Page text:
Side by side, my mom was extremely particular about me learning Bengali. So I read all the contemporary and classical Bengali writers ranging from Ravindranath to Satyajeet Roy. And of course, I was reading Enid Blyton and Agatha Christie even before majority of my schoolmates ever new their names; blame it on the Hindi only medium of teaching and thanks to my mom’s English lessons at home.

This exposure to multiple languages paved way for the appreciation and respect for every language and their identities. Advantage to the cosmopolitan “Manasij”!

My childhood days saw the biggest shame of the free India enacted right in front of my eyes. On Dec 6th 1992, we pulled down the Babri Masjid. My family was politically aligned to the left ideology and therefore naturally I disliked it, as a direct result of home grown political beliefs. I would have long debates with my mates, who would defend the destruction and that would bewilder me. The fact that I was brought up in Patna, a deeply casteist society and equally fanatic and that I was swimming against the current, made me appreciate the “different” religions and their customs. Another advantage to “Manasij”.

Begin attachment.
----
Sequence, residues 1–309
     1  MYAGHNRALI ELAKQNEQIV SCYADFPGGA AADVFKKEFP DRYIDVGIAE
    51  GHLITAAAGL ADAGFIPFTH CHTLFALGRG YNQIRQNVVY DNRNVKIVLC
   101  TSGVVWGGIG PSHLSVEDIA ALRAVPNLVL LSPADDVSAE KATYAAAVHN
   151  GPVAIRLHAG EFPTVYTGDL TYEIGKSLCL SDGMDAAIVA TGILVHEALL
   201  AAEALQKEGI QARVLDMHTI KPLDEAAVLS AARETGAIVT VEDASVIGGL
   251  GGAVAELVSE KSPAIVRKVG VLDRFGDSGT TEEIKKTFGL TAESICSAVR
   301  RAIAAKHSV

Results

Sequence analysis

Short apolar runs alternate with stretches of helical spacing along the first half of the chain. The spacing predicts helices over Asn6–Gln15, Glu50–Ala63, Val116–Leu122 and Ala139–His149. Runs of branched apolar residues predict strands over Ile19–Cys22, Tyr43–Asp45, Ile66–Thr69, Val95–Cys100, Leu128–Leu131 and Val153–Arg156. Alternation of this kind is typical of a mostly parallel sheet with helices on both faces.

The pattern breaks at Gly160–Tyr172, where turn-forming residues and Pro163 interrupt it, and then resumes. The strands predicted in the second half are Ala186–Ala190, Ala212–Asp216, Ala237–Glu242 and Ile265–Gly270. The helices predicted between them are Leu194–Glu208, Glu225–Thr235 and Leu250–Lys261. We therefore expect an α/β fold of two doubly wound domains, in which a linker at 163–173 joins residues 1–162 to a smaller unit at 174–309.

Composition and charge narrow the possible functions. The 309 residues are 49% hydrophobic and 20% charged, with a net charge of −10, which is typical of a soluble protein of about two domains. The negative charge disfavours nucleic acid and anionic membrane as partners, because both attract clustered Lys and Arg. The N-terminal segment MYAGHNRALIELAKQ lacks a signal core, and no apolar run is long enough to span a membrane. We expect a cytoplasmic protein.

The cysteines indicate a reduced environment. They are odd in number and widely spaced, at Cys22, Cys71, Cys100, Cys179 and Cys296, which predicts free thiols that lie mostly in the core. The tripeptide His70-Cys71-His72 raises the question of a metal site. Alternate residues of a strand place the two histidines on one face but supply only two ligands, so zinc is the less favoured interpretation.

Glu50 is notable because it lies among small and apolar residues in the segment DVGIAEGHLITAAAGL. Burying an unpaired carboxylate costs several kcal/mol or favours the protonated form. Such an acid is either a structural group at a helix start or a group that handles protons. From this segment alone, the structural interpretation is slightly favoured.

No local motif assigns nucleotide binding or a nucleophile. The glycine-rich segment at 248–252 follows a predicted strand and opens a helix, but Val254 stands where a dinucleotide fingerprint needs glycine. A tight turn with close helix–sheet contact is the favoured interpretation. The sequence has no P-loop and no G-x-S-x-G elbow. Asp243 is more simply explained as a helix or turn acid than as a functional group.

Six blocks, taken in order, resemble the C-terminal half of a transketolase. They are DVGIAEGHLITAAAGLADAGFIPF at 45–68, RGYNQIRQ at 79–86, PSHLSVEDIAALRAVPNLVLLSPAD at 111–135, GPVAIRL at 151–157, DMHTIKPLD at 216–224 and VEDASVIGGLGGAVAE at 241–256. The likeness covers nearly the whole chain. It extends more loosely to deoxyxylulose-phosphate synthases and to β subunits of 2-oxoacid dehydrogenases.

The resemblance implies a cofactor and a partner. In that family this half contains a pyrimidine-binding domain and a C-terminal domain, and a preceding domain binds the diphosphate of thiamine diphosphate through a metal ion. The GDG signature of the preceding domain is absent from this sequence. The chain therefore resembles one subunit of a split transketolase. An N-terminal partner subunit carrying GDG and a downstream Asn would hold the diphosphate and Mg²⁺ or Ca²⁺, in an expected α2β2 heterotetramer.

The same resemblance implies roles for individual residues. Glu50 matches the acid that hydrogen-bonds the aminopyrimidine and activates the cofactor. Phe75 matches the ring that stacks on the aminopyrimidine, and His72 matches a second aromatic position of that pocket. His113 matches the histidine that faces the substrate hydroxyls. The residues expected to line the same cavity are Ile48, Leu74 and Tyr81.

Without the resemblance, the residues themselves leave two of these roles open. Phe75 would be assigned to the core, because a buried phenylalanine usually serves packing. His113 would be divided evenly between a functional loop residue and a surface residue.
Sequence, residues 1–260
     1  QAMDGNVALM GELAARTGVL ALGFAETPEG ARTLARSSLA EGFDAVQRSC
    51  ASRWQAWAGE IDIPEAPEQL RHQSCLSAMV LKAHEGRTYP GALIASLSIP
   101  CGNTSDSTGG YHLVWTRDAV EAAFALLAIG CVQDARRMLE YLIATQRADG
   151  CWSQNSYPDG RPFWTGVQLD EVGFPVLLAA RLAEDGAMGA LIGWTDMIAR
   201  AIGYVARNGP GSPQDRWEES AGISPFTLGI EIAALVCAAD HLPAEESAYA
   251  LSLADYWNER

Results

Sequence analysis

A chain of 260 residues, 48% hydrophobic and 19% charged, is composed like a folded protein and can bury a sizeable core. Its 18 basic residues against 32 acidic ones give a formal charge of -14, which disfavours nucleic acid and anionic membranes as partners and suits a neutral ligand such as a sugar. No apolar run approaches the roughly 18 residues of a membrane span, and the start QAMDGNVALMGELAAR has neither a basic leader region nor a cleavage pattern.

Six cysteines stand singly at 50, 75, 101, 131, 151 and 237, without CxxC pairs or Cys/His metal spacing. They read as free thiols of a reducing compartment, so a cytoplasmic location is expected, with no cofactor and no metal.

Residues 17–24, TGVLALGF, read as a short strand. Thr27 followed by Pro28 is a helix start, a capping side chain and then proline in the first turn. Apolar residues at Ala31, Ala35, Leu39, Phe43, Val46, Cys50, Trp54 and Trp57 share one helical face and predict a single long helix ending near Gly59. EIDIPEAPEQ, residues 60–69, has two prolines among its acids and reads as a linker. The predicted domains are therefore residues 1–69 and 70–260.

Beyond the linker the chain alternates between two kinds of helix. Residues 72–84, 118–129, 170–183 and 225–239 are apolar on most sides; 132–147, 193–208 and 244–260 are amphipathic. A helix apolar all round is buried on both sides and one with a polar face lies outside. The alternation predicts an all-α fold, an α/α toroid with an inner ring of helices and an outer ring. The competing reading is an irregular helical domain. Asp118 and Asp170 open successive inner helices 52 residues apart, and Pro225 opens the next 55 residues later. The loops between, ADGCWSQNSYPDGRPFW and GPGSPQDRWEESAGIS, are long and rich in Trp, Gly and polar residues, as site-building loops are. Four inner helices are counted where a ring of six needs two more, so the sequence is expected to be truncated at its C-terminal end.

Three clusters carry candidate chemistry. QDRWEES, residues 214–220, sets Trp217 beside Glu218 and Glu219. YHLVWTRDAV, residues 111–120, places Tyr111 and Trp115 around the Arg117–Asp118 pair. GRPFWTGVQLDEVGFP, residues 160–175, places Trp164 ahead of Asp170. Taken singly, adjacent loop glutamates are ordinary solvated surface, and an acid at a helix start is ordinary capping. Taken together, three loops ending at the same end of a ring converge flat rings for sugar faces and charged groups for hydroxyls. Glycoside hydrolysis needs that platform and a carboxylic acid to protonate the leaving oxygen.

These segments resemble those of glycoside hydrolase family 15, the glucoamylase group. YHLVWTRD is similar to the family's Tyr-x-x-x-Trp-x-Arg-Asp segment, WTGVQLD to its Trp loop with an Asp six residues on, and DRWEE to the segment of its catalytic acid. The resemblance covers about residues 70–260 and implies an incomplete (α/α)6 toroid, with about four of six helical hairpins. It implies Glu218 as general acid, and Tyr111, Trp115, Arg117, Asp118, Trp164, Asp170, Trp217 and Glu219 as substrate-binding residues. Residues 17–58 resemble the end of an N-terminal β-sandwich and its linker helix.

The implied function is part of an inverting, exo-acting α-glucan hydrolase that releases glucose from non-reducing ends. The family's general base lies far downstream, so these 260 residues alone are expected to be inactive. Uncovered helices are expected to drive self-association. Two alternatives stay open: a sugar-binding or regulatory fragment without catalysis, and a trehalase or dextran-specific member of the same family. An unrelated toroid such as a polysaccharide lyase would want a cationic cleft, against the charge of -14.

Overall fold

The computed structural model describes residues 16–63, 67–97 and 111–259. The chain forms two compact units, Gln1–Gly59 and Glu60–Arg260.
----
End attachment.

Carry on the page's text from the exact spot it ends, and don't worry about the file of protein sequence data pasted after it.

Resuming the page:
I ended up marrying a girl after a long standing affair in Dec 2004. She is neither my caste, nor speaks Bengali. But I know you don’t need a linguistic pretext to connect to someone. Advantage “Manasij” once again.

By now, it seemed as “Manasij” was winning all battles hands down. But then on June 10th 2002, I entered a new phase of my life. I joined the beeline of the worker ants of the Indian Software market.

I had entered the software sector dreaming of creating bold software products hitherto unheard off. Soon, I realized that Indian software services scene is a tragedy than a heroic tale of success. Mediocre mundane tasks dominated the scene with ferocity. For the first 4 years of the journey, I largely surrendered to it. I quickly learned about the charms of going abroad, owning flat, driving cars, craving appraisals, anticipating hikes…… “Monosheej” was getting back on track.